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The Modigliani-Miller (1961) Model can be used to calculate the price of a company’s stock in the next period by using the following formula.
P1 = P0 x (1+k) – D
P1 = Stock price in the next period
P0 = Stock price in the last period
k = Cost of equity
D = Dividend paid at the end of the last period
Apple, Inc. did not pay dividends to its shareholders from 1985 to 2012. However, the company’s stock price increases significantly during this period. It is clear that investors were not bothered about the dividends they could have received from their holdings in the company’s stock. Instead, they were motivated and invested in the company’s stock based on its business decisions and capability of future growth in its earnings. The company’s innovative products and timely decisions made it one of the most successful businesses globally. The shareholders made capital gains from their investment in the company’s stock. They did not use dividend relevance models to value the firm. Therefore, it could be stated that Apple, Inc. is a prime example of dividend irrelevance. However, the company paid dividends to its shareholders in the last five years as criticism regarding the management’s decision to have retained huge earnings became severe.
It could be noted that the theory of dividend irrelevance as proposed by Modigliani and Miller is based on rather simple assumptions, which may not hold in reality. These assumptions include the presence of perfect capital markets, the absence of taxes, fixed investment policy of companies, and no unsystematic risk. These assumptions suggest that all investors have access to the same information and no single investor has control over the market price. Moreover, the theory suggests that dividends and capital gains have the same tax rate applicable. The investment policy of a company does not change during the investment period. It also implies that there is no uncertainty faced by the company and shareholders assume no risk associated with their investment (Miller & Modigliani 1961). The major criticism of Modigliani and Miller’s theory of dividend irrelevance is drawn from its assumptions. For example, there is no perfect market, and there are transaction costs associated with trading of shares. Moreover, it is argued that dividends do have an impact on the shareholders’ wealth (Correia, Flynn & Uliana 2013). Therefore, it could be concluded that the theory of dividend irrelevance has its major weaknesses, which make it less applicable in practical cases.
British Land Plc.
British Land Plc. operates in the UK as a real estate trust, which owns and manages valuable properties across the UK. The company’s activities are focused on developing and managing retail and office spaces. It is also involved in constructing new properties. In this section of the report, the company’s financial performance and capital structure are evaluated by using information published in its annual report for the year ended 31 March 2016. Furthermore, a detailed discussion of the risks faced by the company is provided in this report.
The management report of the company indicates that it faced several risks, which were specific to the industry in which it operates. Moreover, it was indicated that equity markets faced challenging time during the financial year 2015-16 because of macroeconomic and political risks. The REIT sector was predominantly affected by the UK’s decision to exit from Europe. The decision affected the UK property market especially in London, which also affects the value of the assets held by British Land Plc. Furthermore, the company’s management report indicated that the increase in real wages and unemployment in the country could affect its ability to grow (Annual report and accounts 2016 – British Land 2016). The company attempts to mitigate risks associated with the value of its properties through pre-letting and phasing development. There are other risks identified by the company including UK’s GDP growth, increase in the cost of borrowing, low property yields, restriction of property capital and decline in ERV growth forecast. If the country’s interest rate increases, then it would affect the company’s ability to refinance its properties. It will have to pay higher interest charges on its borrowings. All these factors can affect the company’s net asset value. There are other risks associated with the sustainability performance, which could affect consumer confidence, employment, and letting activities of the company. Furthermore, the company faces the risk of litigation resulting from the covenant breach. Lastly, the company needs to consider risks that could result from the exit of its key members (Annual report and accounts 2016 – British Land 2016).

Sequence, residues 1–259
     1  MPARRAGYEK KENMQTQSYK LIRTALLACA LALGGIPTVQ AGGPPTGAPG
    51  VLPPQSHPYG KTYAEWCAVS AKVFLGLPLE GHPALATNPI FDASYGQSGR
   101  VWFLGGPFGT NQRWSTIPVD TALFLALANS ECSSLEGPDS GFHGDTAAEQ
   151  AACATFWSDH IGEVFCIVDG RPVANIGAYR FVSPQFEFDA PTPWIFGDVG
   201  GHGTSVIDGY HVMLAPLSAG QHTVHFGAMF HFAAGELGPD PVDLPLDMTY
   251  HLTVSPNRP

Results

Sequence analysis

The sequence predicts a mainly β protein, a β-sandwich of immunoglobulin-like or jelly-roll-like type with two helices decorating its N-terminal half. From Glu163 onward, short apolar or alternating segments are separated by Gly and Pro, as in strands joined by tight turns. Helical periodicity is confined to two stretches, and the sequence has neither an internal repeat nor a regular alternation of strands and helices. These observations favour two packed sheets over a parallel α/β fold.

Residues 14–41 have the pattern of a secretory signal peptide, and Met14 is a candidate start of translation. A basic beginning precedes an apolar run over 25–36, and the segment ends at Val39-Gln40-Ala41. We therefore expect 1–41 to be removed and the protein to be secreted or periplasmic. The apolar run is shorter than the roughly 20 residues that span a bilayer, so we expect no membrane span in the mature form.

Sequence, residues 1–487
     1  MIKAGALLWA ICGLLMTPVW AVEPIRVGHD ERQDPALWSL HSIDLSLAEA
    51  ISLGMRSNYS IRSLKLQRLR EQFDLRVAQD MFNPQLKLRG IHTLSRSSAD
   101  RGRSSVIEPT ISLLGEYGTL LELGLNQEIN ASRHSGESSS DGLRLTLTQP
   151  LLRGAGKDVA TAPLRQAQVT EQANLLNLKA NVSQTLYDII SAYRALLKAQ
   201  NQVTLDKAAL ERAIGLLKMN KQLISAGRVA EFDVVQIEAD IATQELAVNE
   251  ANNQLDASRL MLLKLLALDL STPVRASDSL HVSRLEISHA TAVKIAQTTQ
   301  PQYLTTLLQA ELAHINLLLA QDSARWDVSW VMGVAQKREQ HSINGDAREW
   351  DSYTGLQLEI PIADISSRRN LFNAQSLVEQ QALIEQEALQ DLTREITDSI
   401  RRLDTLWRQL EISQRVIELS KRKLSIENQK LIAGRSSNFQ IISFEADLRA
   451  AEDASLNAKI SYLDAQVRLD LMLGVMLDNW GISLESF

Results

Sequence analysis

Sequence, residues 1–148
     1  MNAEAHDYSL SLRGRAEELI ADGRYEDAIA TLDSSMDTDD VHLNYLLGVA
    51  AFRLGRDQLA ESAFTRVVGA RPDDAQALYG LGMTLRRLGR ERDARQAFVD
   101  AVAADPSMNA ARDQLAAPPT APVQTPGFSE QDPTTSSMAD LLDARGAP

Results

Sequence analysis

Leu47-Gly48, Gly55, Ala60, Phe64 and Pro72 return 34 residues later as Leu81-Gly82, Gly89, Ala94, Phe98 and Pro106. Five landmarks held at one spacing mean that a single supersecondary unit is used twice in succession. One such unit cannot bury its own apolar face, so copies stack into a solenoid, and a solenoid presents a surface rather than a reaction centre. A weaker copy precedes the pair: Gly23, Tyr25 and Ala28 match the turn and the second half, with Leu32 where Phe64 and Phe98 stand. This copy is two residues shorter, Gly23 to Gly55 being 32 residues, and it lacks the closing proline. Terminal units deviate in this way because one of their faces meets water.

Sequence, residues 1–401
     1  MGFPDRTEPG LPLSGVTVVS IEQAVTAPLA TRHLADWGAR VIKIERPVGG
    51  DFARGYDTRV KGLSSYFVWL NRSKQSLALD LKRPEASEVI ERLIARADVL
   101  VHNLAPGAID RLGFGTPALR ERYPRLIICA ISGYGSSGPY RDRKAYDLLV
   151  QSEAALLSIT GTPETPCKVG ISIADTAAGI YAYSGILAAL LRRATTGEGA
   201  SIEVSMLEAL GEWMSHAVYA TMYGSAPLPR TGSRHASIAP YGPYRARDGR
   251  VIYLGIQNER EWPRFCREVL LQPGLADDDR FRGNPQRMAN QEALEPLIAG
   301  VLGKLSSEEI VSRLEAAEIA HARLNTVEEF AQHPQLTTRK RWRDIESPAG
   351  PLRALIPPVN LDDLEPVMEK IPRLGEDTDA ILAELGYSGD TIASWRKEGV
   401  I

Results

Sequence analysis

The company’s capital structure is evaluated on the basis of the values of key financial ratios provided in the following table.
Table 1. Relevant Capital Structure Data and Ratios. Source: (Annual report and accounts 2016 – British Land 2016; British Land Co PLC 2017).
|Total Liabilities / Equity||0.60||0.58|
|Times Interest Earned||18.49||13.26|
|Debt / Equity||0.59||0.46|
|Dividend Pay-out Ratio||0.43||0.39|
Table 1 indicates that the company managed to maintain its leverage position in the last two years. It could be noted that the company’s total liabilities to equity ratio value improved slightly in 2016. Despite the increase in the company’s total liabilities including borrowings and trade related liabilities, it managed to increase its total equity, which reduced the value of the ratio. Furthermore, its debt to equity ratio value declined from 0.59 in 2015 to 0.46 in 2016. The reason for this change was the repayment of almost GBP 200 million by the company. The value of times interest earned declined sharply due to the company’s low operating profit in 2016. The management report indicated that the company’s board of director set out the borrowing level based on the earnings’ sensitivity. The company managed its cost of borrowing by adjusting the long-term fixed interest debt. However, it could be stated that the company did not have an immediate risk of bankruptcy and it has a strong solvency position. The company aims to keep the debt to equity ratio value low. The table provided above also indicated that the company had a healthy dividend pay-out ratio in both years. In 2016, the company paid 39% of its earnings as dividends to its shareholders.